The word enoteca is Italian. Breaking down the word, you will see that it sounds like biblioteca (library) , having the suffix “teca” in common which means case or box. The “eno” prefix refers to wine, and so, putting 1 and 1 together, we have a wine library.

enjoying my coffee!

Unfortunately, it was only 10 am, and I did not feel the need to start loading up with wine, regardless of the setting. So Elaine and I ordered coffee and cake, kicked back and enjoyed the surrounds. The coffee was fantastic, and the cakes fresh and tasty, and oh how good it was to have real cream with real vanilla seeds dispersed throughout, slightly sweetened with some caster sugar. We both agreed that even though the chocolate hazelnut torte was extremely good, the lemon cake won hands down. There is nothing like a simple, buttery cake, a small side of cream to make the heart happy.

hazelenut and chocolate torte (front) and lemon cake (back)
with gertrude street in background

Try Gertrude Street Enoteca for a light lunch, or come for dinner where there is a limited menu with usually some form of meat (a bird or something similar). The focus is on local produce, and you can buy some hampers. The floor stocks some nice local products, but the room is tiny, so be early, or try to book.

Eating Melbourne in three days – Introduction

By | Books for Cooks, Fitzroy, Gertrude Street Enoteca, Greg Malouf, Maha, Melbourne, MoMo, MoVida Next Door | 3 Comments

Since I’ve arrived to Australia in 2001, I’ve had the chance to see the food scene in Sydney blossom and grow in inverse proportion to the size of foam bubbles in cappuccinos. Getting a good feed around here is getting easier by the day, what with all the fantastic chefs we have opening new restaurants and seducing us with thoughtful, concentrated and enticing menus. However, if you follow this blog, you would agree if I said that it is not my habit to review restaurants (not online anyway). So in the coming few entries, you will see this change somewhat. My trip to Melbourne has injected me with tonnes of excitement, and my camera is packed with some delicious photos. But let me step back first, and make it clear that my intention is not review Melbourne’s restaurants, but rather share an amazing weekend away. The restaurants I’ll be discussing are integral to my experience, as they were the focal point, and if it the place was not worth it, I am not going to include it.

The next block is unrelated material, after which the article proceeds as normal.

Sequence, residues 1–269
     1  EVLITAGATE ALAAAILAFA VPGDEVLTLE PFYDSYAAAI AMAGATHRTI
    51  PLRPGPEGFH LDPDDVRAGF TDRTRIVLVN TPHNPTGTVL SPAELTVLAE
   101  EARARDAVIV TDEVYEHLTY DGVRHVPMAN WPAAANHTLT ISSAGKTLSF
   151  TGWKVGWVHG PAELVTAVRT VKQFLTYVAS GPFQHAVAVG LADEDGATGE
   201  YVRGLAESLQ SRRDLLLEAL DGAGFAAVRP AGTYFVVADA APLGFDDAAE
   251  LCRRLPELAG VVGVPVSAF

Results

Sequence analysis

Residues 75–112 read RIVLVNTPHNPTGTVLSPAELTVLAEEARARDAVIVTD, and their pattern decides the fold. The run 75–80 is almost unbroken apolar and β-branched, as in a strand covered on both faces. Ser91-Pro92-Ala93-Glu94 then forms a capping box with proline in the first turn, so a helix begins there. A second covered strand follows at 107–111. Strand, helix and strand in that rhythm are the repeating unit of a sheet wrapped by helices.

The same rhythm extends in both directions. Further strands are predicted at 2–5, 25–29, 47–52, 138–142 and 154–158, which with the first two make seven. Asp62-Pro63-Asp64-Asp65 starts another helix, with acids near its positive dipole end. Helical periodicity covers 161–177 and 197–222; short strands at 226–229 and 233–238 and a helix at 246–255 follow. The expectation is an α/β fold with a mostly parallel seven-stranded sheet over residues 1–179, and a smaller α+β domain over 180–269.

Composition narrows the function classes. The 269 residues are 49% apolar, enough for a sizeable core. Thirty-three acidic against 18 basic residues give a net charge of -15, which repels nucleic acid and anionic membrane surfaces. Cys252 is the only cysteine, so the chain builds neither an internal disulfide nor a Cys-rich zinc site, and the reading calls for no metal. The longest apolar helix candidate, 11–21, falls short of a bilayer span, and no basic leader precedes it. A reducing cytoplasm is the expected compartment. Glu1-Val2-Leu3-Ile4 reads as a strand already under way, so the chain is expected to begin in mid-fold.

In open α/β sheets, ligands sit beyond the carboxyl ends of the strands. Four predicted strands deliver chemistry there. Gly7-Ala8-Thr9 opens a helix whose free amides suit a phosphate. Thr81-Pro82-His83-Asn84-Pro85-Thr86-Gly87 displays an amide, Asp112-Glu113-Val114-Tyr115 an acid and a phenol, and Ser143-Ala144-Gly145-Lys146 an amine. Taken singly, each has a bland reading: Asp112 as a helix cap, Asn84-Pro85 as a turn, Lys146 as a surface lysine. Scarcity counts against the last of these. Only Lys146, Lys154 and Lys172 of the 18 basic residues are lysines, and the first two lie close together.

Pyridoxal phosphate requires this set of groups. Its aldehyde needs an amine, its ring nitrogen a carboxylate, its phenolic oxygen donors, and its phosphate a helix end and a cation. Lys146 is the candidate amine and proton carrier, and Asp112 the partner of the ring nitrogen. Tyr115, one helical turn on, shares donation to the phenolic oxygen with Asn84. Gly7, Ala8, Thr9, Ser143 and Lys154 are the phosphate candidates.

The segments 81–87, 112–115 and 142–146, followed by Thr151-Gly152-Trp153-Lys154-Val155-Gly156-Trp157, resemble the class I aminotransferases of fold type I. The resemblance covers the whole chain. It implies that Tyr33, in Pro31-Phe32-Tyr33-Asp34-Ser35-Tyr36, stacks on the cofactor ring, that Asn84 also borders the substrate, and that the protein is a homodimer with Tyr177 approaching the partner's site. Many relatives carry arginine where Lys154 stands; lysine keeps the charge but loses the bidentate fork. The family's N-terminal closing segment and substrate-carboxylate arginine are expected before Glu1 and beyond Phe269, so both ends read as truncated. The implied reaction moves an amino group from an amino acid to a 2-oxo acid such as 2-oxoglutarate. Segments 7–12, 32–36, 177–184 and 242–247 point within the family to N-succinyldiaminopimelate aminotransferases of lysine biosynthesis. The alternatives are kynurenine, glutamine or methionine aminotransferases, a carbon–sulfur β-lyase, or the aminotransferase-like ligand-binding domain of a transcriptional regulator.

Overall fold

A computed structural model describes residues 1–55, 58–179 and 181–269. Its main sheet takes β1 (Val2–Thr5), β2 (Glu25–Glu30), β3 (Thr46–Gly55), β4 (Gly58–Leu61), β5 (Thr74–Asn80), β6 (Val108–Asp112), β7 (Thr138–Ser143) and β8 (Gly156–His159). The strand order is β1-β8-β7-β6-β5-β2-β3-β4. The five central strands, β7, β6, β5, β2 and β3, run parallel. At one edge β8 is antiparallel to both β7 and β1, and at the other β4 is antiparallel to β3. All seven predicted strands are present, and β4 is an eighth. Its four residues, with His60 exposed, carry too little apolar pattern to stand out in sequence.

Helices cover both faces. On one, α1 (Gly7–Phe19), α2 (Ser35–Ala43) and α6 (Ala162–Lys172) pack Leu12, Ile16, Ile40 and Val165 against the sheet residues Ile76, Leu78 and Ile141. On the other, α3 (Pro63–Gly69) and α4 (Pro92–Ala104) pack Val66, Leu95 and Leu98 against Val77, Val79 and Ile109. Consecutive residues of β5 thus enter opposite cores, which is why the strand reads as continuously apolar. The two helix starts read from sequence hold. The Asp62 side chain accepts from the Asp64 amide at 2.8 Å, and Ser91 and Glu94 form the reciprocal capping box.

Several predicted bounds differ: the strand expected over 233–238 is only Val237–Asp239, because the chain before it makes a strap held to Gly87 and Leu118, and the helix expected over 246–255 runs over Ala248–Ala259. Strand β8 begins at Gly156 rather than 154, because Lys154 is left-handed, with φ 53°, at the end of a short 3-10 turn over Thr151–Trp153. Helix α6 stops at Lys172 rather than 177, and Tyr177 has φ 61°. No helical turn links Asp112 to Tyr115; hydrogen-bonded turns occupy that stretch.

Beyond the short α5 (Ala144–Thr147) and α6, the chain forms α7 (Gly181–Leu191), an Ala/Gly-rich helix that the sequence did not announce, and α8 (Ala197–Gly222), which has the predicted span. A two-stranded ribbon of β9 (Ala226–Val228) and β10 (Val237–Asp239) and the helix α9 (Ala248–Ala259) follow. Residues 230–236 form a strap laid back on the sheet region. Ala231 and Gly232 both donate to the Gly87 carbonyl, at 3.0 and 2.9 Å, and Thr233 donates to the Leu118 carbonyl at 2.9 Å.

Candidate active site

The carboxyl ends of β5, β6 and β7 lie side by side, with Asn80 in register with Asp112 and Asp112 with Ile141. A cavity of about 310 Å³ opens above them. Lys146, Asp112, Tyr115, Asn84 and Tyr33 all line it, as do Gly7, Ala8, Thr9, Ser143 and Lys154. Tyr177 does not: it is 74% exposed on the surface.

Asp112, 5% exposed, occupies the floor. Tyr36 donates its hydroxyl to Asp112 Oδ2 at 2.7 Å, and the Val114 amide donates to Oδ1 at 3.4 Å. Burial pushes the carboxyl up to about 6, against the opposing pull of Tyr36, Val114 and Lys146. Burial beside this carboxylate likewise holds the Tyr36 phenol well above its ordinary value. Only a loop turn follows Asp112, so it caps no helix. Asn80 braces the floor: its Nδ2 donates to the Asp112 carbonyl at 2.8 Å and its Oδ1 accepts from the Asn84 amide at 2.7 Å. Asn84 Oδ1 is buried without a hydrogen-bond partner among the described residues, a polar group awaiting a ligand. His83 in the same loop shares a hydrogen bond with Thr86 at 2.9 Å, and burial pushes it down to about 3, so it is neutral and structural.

April 26th 2008: Lainy and I have just tied the knot, and are in the hotel waiting to catch a cab to the airport, for a 4 week culinary journey to Japan and France. All cashed up with the generosity of friends and family and about to have the best month of our lives.
April 24th 2009: One year later and Lainy has not left me yet! Hurrah! This year, the trip will be domestic, and Melbourne is the destination. Sydney’s top foodie (and I mean that honestly, but no name dropping here) had provided me with tailor made lists of restaurants that are a must for our trip, but the main reason why Melbourne is the city of choice was simple: Greg Malouf. A few months back, I was reading through Greg’s fine book, Saha. I can not stress the importance of this book enough. This is a unique travel log by one of Australia’s finest, documenting the impressions and emotions that the food cultures of Lebanon and Syria can impart on a man whose mind is ready to take it all in, and draw and mix those experiences with the expert eye and knowledge of a master chef. And it was as I was reading through that I decided to email Greg and express my admiration. Unbelievably, Greg answered my email, and extended an invitation for me to visit him at his Melbourne restaurant MoMo. Greg had only recently reopened MoMo and there was a lack of literature on this new venture, so I was not sure what to expect, but I knew one thing, it was going to be worth the trip to Melbourne. And boy was it worth it! Now, I don’t want to jump ahead of myself, so let me list down the places that I will be covering in the next few posts.

Gertrude Street Enoteca
Books for Cooks
MoVida Next Door
• MoMo

Following a friend’s suggestion, and gratifying my well loved hatred for hotels, we decided to base ourselves in arty Fitzroy, in a little Victorian bed and breakfast called the Brooklyn Arts Hotel:, 48-50 George St Fitzroy Melbourne, Australia
Telephone +61 3 94199328

Our room at The Brooklyn Arts Hotel

This cool little space is run by Maggie who is possibly the friendliest person you will ever meet, so if you are ever in Fitzroy, make sure you stay there. The hotel has a very communal feel to it, very befitting the area of Fitzroy, which is very similar to Newtown, with the difference that you can get some fine tipple even at cafe’s, which are abundant. So, for a morning coffee, having just arrived from the airport, first on our list is Gertrude Street Enoteca.